Cognitive rehabilitation helps to optimize thinking abilities prior to discharge, can aid in teaching the patient strategies for optimizing cognitive functioning at home and, importantly, is a time to help train family and caregivers on the patient’s needs. It’s a time to educate the patient and family on safety precautions and build an understanding of what the patient is capable of and is still working on accomplishing. Inpatient rehabilitation also allows time for the family to make their home safe for the patient, and to get a plan in place if the patient requires physical assistance or supervision due to cognitive issues. This allows more patients to discharge to their home with loved ones, rather than to a subacute setting or nursing home.
Because COVID-19 is a new virus, has the rehabilitation team found it needs to implement new techniques or protocols to successfully help this patient population?
Smith: Michigan Medicine has considerably increased acute care rehabilitation capacity. This means patients are receiving more physical and occupational therapy than usual, and physicians specializing in physical medicine and rehabilitation are seeing a large number of patients, which helps make the transition to outpatient rehabilitation care seamless. Despite these efforts, capacity for inpatient rehabilitation must increase, as there are more patients now who are unable to physically or cognitively discharge home due to the impairments from COVID-19.
Seagly: If there is a silver lining here, it has been the revolutionizing of virtual patient care. When the COVID-19 infection rates were still very high at Michigan Medicine, I and my neuropsychology and rehabilitation psychology colleagues were exclusively seeing patients, both outpatients and inpatients, via video. While this does have limitations regarding the cognitive assessments we are able to administer, it has huge benefits in terms of infection control. We are now using a hybrid model where we see most patients virtually, though we often see inpatients in person after they have had two negative COVID-19 tests, at least 24 hours apart.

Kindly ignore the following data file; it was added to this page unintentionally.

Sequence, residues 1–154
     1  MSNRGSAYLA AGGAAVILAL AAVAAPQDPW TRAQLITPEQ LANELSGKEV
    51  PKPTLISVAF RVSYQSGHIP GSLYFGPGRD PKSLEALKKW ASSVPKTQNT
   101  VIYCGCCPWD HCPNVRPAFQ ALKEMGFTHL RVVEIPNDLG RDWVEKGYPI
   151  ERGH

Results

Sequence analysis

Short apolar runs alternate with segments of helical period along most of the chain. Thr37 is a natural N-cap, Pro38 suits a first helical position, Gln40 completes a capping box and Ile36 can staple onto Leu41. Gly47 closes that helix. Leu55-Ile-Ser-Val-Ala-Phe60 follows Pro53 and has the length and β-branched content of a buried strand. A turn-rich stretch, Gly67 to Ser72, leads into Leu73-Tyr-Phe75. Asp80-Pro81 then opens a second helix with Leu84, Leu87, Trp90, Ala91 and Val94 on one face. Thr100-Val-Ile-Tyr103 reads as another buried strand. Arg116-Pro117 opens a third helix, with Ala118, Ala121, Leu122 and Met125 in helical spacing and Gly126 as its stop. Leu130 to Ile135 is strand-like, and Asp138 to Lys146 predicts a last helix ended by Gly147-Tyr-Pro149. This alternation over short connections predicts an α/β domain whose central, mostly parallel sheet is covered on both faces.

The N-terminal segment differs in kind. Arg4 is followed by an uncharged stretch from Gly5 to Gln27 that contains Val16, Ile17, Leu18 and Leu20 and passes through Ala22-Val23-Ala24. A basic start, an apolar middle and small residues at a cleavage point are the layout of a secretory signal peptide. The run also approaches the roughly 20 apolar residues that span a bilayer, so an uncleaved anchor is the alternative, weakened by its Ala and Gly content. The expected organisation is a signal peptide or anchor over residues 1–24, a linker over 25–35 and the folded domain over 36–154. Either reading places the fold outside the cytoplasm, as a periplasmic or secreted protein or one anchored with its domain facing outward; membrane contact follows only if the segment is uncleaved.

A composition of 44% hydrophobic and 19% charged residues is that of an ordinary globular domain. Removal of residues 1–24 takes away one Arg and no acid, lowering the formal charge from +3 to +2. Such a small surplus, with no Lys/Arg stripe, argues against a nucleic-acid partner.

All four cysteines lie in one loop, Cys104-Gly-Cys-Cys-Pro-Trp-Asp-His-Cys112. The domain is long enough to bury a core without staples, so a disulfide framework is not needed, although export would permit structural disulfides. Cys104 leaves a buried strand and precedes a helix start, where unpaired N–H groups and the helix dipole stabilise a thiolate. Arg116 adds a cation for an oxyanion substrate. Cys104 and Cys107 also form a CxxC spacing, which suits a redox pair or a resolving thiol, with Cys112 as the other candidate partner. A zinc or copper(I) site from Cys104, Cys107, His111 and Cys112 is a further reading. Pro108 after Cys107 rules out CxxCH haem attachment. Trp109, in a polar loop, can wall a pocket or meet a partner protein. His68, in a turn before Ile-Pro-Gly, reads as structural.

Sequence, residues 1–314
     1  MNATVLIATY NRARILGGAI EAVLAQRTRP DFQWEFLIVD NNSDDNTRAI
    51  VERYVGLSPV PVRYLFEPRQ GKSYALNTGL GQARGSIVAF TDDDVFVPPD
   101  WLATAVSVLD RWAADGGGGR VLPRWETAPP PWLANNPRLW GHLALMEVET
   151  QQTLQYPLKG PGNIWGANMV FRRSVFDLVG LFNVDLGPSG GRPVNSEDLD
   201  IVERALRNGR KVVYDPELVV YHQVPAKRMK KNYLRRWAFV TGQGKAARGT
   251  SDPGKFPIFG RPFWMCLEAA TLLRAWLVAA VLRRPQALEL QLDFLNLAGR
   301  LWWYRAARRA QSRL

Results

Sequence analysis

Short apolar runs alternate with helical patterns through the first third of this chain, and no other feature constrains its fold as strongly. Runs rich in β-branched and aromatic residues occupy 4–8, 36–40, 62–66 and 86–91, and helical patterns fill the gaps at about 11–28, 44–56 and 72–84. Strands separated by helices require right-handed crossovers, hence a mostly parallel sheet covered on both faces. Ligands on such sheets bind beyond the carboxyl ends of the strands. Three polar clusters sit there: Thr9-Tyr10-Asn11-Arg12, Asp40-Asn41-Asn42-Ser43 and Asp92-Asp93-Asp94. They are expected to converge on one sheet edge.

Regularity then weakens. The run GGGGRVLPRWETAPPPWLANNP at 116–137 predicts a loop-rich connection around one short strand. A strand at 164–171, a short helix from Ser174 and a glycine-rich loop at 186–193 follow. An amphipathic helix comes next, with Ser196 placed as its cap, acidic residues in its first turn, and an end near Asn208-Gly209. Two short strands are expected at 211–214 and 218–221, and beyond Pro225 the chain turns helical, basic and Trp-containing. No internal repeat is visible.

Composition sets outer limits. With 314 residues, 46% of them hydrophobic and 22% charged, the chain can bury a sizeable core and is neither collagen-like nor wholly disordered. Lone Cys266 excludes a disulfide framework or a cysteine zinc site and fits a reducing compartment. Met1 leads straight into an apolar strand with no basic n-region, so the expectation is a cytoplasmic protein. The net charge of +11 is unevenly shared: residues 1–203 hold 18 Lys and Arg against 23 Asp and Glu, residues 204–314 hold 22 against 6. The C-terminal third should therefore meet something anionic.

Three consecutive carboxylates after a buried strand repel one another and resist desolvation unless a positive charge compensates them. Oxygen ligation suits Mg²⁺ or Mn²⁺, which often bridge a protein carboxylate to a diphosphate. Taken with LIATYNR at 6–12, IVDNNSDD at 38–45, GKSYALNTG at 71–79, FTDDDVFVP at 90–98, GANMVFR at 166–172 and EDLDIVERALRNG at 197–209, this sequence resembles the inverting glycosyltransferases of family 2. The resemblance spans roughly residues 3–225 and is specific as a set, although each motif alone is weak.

Are there any differences in the type of rehabilitation care needed between inpatient and outpatient populations?
Smith: Inpatients being treated for COVID-19 should be mobilized as soon as it’s safe, meaning skilled-care providers should help them move and walk. Bed rest is one of the worst things that can happen to the body’s musculoskeletal and nervous systems.
Outpatients with physical or cognitive issues need to be seeing a physical medicine and rehabilitation physician, or at the very least, their primary care physician. From there, they may need physical, occupational or speech therapy. Many will also need psychologic care to help them cope with their life after COVID-19.
Seagly: I’m actively seeing inpatients who are recovering from the virus. My recommendations have been primarily related to psychological adjustment, as prolonged hospitalization and severe illness can cause or contribute to increased anxiety, depression and sometimes even a post-traumatic type response.
I’ve been working with a number of patients on strategies for decreasing excessive worrying that has arisen in relation to the pandemic and their own illness, and also on pacing strategies to ensure they are able to participate in meaningful, enjoyable activities despite debility-related fatigue. Cognitively, many patients are benefitting from the use of memory notebooks. Also, patients do better with adequate caregiver support, so determining who will provide support, and when and how they will do so, is very important and can take quite a bit of planning with the rehabilitation team.